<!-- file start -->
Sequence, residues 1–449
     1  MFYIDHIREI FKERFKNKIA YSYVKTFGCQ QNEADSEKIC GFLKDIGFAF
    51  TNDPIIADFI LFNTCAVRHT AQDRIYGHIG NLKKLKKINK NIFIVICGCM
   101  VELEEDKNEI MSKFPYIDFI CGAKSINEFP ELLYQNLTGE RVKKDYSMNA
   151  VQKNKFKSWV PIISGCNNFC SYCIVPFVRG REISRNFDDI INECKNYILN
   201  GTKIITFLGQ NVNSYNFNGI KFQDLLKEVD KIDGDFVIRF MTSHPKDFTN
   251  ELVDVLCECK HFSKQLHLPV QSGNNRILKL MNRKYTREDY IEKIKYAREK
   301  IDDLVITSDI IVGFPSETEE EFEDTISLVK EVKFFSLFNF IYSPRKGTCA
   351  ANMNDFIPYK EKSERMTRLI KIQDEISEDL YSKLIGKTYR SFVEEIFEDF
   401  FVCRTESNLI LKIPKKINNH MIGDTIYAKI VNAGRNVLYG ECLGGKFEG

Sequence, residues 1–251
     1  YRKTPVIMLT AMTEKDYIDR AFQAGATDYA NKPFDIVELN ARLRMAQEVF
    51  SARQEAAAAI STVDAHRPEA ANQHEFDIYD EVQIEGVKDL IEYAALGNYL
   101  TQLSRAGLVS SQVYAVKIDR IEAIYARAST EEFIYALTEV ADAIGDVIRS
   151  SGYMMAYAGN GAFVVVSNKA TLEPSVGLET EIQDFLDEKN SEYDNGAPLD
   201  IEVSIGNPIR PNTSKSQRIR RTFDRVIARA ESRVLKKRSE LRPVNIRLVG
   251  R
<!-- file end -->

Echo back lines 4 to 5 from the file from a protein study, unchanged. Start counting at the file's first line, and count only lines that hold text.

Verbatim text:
   101  VELEEDKNEI MSKFPYIDFI CGAKSINEFP ELLYQNLTGE RVKKDYSMNA
   151  VQKNKFKSWV PIISGCNNFC SYCIVPFVRG REISRNFDDI INECKNYILN